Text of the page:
2.4 Geotechnical design by calculation
(1)P Design by calculation shall be in accordance with the fundamental requirements of EN 1990:2002 and with the particular rules of this standard. Design by calculation involves:
- actions, which may be either imposed loads or imposed displacements, e.g. from ground movements;
- properties of soils, rocks and other materials;
- geometrical data;
- limiting values of deformations, crack widths, vibrations etc.;
- calculation models.
(2) It should be considered that knowledge of the ground conditions depends on the extent and quality of the geotechnical investigations. Such knowledge and the control of workmanship are usually more significant to fulfilling the fundamental requirements than is precision in the calculation models and partial factors.
(3)P The calculation model shall describe the assumed behaviour of the ground for the limit state under consideration.
(4)P If no reliable calculation model is available for a specific limit state, analysis of another limit state shall be carried out using factors to ensure that exceeding the specific limit state considered is sufficiently improbable. Alternatively, design by prescriptive measures, experimental models and load tests, or the observational method, shall be performed.
(5) The calculation model may consist of any of the following:
- an analytical model;
- a semi-empirical model;
- a numerical model.
(6)P Any calculation model shall be either accurate or err on the side of safety.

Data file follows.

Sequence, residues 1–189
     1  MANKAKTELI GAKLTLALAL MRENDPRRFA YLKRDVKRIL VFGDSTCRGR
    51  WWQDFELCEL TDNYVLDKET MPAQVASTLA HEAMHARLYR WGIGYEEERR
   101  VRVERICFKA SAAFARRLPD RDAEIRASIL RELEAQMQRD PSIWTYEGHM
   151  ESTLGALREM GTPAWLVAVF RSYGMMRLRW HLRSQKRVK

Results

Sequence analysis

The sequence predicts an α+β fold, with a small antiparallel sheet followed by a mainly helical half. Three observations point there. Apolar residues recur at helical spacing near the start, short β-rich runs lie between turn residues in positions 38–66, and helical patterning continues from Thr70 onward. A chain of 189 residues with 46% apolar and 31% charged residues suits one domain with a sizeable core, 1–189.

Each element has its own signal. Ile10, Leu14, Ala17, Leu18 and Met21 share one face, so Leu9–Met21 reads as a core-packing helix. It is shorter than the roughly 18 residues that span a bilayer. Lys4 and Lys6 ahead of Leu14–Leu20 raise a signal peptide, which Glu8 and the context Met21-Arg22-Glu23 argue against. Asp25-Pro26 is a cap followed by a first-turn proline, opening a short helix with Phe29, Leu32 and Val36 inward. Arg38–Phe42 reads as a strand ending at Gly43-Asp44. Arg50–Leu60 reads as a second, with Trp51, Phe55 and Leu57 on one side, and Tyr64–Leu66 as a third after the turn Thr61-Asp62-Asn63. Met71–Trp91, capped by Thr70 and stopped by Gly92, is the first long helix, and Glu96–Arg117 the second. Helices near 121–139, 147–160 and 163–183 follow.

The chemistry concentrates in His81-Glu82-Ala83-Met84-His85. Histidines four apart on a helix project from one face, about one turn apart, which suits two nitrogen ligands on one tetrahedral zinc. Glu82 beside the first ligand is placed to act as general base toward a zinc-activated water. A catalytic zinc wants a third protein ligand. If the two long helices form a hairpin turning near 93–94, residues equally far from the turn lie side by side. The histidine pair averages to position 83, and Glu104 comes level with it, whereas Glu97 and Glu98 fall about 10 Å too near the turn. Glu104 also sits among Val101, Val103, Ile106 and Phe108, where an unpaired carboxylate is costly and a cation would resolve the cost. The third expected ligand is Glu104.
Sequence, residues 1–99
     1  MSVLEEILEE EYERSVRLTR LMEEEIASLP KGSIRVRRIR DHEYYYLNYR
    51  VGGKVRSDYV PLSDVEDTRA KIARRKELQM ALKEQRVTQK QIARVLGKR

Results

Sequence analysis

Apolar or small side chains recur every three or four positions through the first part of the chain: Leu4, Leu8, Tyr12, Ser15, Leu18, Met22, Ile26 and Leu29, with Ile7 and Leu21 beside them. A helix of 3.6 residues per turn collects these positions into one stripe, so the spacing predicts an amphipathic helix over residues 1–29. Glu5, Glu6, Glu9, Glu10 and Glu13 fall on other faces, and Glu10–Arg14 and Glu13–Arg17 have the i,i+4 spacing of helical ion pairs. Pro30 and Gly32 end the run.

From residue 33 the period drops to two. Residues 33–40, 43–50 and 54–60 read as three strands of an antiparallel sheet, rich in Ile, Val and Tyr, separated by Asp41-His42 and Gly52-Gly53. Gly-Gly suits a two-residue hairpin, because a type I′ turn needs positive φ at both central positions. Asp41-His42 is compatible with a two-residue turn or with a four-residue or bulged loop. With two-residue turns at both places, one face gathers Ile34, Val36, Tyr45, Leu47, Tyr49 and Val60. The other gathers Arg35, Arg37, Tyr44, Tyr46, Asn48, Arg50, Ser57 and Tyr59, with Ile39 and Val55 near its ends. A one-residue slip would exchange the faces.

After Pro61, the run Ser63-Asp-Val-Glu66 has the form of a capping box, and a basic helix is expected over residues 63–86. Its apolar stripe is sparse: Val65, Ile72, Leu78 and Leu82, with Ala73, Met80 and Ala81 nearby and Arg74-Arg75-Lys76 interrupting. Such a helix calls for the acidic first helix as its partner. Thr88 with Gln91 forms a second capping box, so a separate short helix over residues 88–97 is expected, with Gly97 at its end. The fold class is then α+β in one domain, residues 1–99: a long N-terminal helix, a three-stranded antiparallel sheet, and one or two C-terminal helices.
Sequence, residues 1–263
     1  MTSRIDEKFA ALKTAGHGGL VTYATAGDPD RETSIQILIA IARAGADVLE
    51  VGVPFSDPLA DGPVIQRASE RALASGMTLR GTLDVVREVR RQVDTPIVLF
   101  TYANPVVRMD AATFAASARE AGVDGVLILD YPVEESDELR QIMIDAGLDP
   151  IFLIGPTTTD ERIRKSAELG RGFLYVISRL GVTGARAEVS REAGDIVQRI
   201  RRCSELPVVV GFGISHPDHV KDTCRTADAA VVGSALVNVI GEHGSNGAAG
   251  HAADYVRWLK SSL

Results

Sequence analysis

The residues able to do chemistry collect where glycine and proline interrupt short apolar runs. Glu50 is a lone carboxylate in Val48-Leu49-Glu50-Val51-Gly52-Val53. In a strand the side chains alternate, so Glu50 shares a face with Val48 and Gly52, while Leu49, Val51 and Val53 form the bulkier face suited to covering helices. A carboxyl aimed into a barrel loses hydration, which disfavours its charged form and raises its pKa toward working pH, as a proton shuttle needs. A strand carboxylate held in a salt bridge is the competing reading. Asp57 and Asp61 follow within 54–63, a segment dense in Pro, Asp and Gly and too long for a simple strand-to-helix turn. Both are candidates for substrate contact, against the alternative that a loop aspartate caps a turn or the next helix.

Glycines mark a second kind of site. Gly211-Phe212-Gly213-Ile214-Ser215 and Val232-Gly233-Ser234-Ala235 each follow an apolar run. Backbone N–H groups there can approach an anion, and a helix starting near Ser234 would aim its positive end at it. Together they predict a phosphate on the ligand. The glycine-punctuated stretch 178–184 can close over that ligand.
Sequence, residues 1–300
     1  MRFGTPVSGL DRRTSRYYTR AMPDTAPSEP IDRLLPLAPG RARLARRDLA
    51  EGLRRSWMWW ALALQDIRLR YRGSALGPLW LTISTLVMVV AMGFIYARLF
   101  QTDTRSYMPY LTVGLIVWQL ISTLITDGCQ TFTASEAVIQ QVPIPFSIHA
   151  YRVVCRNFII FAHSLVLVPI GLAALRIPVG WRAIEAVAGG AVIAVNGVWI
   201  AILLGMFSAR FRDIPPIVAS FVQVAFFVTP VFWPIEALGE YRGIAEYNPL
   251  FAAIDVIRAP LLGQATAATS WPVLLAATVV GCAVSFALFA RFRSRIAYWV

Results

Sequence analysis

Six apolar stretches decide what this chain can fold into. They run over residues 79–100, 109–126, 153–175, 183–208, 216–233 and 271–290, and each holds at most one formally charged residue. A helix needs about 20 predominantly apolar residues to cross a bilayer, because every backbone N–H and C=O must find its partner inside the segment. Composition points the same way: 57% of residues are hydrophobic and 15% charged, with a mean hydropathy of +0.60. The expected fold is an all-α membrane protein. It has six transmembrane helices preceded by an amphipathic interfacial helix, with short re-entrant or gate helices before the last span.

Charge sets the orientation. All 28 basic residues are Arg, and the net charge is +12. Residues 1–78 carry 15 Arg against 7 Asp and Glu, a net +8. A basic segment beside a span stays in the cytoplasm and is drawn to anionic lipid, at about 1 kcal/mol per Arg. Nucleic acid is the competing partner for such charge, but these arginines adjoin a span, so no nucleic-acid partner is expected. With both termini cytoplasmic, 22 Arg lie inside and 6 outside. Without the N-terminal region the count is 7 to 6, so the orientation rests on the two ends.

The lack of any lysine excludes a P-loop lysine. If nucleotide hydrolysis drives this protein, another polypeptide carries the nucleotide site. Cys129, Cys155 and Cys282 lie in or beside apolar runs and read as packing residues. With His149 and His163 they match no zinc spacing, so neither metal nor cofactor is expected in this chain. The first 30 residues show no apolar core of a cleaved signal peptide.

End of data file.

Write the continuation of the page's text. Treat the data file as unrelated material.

(7) A calculation model may include simplifications.
(8) If needed, a modification of the results from the model may be used to ensure that the design calculation is either accurate or errs on the side of safety.
(9) If the modification of the results makes use of a model factor, it should take account of the following:
- the range of uncertainty in the results of the method of analysis;
- any systematic errors known to be associated with the method of analysis.
(10)P If an empirical relationship is used in the analysis, it shall be clearly established that it is relevant for the prevailing ground conditions.
(11) Limit states involving the formation of a mechanism in the ground should be readily checked using a calculation model. For limit states defined by deformation considerations, the deformations should be evaluated by calculation as described in 2.4.8, or otherwise assessed.
NOTE Many calculation models are based on the assumption of a sufficiently ductile performance of the ground/structure system. A lack of ductility, however, will lead to an ultimate limit state characterised by sudden collapse.
(12) Numerical methods can be appropriate if compatibility of strains or the interaction between the structure and the soil at a limit state are considered.
(13) Compatibility of strains at a limit state should be considered. Detailed analysis, allowing for the relative stiffness of structure and ground, may be needed in cases where a combined failure of structural members and the ground could occur. Examples include raft foundations, laterally loaded piles and flexible retaining walls. Particular attention should be paid to strain compatibility for materials that are brittle or that have strain-softening properties.
(14) In some problems, such as excavations supported by anchored or strutted flexible walls, the magnitude and distribution of earth pressures, internal structural forces and bending moments depend to a great extent on the stiffness of the structure, the stiffness and strength of the ground and the state of stress in the ground.
(15) In these problems of ground-structure interaction, analyses should use stress-strain relationships for ground and structural materials and stress states in the ground that are sufficiently representative, for the limit state considered, to give a safe result.